Jeremy Finton would go through his accident again in a heartbeat if it meant he would get the opportunity to play rugby in a wheelchair.
Five years after his spinal cord injury, Finton discovered quad rugby in 2006. Once he began to work up the ambition to attend more practices regularly, he was hooked and officially became an Ohio Buckeye Blitz rugby player.
“Even though I’ve been playing for so long, I still don’t do things right,” Finton said. “It’s an ever-learning process. It’s also pretty fun getting to run into each other because you can’t go wrong with that.”
The Ohio Buckeye Blitz is a semi-professional quadriplegic rugby team based out of Columbus. Ohio University’s Quad Rugby student organization will be holding its 12th Battle the Blitz fundraiser for the team and will be raising more awareness for wheelchair sports Saturday starting at 10 a.m. at Ping Center.
In a standard game of wheelchair rugby, a player has a rugby ball in their lap that they’re trying to get into the end zone either by carrying it through or passing it to a teammate.
“It’s kind of like bumper cars in a way,” said Melanie Harvey, a graduate student studying physical therapy and the marketing chair for the OU Quad Rugby student organization. “You’re ramming your chair into other people just to get that ball into the end zone for a point.”
Many of the players were athletes before their injuries, so being able to play rugby has allowed them to still be active and have fun while playing, Harvey said.
“This fundraiser is probably the biggest one the Blitz does to raise money for their team,” Harvey said. “It costs so much for the Blitz to stay competitive each year, so the money raised goes toward new wheelchairs, repairs, travel costs and entry fees.”
The captain of the Blitz told Harvey it cost them about $17,000 last year to play competitively. Since wheelchair rugby is such a contact sport, the special wheelchairs used in games can cost up to $7,000, so the OU Quad Rugby student organization raises as much as they can with this event.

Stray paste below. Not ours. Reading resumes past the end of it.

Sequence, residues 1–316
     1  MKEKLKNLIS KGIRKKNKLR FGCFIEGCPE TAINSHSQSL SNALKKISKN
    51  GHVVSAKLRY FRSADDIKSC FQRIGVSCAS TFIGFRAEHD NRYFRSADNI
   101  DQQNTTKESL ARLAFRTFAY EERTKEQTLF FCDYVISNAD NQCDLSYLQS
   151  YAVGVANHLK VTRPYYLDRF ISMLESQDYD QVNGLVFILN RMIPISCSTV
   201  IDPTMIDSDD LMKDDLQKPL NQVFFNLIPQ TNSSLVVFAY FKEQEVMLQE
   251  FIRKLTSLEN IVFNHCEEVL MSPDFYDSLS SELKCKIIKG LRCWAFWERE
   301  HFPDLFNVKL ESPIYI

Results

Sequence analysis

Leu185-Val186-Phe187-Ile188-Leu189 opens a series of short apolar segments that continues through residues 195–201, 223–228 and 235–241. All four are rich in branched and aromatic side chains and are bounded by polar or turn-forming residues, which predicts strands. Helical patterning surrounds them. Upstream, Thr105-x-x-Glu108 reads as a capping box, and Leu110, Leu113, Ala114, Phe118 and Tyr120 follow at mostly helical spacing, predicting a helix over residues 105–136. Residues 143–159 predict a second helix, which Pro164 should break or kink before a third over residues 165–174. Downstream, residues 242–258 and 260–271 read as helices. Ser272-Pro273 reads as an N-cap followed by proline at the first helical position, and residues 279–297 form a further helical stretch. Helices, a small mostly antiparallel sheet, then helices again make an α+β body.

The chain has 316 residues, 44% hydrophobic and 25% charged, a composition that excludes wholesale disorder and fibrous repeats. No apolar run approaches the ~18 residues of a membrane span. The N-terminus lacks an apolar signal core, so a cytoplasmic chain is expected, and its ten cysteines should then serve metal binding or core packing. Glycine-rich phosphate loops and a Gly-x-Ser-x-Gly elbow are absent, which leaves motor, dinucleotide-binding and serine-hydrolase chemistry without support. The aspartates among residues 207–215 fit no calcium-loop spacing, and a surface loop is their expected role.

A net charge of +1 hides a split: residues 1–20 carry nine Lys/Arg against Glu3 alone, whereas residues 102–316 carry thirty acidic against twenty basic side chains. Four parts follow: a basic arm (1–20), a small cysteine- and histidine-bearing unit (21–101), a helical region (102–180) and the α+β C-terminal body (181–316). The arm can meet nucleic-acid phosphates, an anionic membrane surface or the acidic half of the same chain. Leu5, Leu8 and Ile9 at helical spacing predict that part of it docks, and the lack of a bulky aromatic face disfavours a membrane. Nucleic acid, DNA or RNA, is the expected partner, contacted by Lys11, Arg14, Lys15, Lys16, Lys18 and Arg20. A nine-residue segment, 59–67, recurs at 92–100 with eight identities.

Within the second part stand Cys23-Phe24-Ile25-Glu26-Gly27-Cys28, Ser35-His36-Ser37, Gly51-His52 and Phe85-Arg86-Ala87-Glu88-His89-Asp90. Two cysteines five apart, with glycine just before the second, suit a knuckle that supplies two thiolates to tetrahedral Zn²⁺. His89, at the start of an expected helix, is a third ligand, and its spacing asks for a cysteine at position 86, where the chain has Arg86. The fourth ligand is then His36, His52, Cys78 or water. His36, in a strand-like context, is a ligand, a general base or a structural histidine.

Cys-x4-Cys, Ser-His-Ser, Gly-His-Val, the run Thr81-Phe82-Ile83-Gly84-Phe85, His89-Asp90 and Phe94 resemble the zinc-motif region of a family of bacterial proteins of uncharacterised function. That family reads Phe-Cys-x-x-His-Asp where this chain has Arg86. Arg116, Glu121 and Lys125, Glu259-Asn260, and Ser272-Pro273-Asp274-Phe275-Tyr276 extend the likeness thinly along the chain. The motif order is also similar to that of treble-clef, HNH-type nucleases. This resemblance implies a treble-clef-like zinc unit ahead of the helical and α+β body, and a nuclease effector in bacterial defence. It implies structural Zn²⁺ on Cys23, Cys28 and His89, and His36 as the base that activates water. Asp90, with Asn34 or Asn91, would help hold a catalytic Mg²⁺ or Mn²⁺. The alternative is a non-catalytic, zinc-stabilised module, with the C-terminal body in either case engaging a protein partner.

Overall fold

“Battle the Blitz is a big draw for physical therapy students,” Jonny Flowers, a graduate student studying physical therapy and the president of the OU Quad Rugby student organization, said. “But anyone across campus can pay to play against the Blitz in a game of wheelchair rugby.”
On top of that, the team really appreciates getting out education about what paralympic sports are and why they’re important, Flowers said.
Finton always has a blast when the Blitz comes to Athens because he loves exposing the physical therapy students to the game.
“We love the aggression and how much the students get into it and have a good time,” Finton said. “This is one of the biggest fundraisers for our team, so without their contributions and their willingness to do this for us, we wouldn’t be able to have a meaningful season to compete.”
Because the physical therapy students help put on this fundraiser for the Blitz, the team also gives back to the students.
“We want to help them become better therapists to help out others by exposing them to wheelchair rugby or other wheelchair related sports,” Finton said. “It helps them become better people and better physical therapists.”
Wheelchair rugby has given Finton a chance to be around other people with spinal cord injuries who have more or less function than he has, giving him different levels of appreciation for others like himself.
“I’ve learned how people deal with their personal stuff and how they’ve maneuvered through life, which has helped me grow beyond my own injury,” Finton said. “Yeah, you forge friendships and team sports dynamics, but for us, it’s a lot more learning from one another.”
Andrew Fox is a first-year Blitz player who has come to love the sport and has found many opportunities getting to work on a team.
“Quad rugby is so relatable to what I used to be able to do, which were actual sports like snowboarding and mountain biking, and that’s what I like most about it.” Fox said. “But the community surrounding it is even better because everybody has something that’s relatable.”
By playing the game, Fox’s physical abilities and daily transfers have improved and been made easier. He couldn’t be more stoked for the Battle the Blitz fundraiser Saturday.
“I try pretty hard because I’m a pretty competitive person,” Fox said. “Once I get on the court I don’t really like to get off, so this fundraiser is kind of an opportunity to stay on there as long as I possibly can and push myself further in the game.”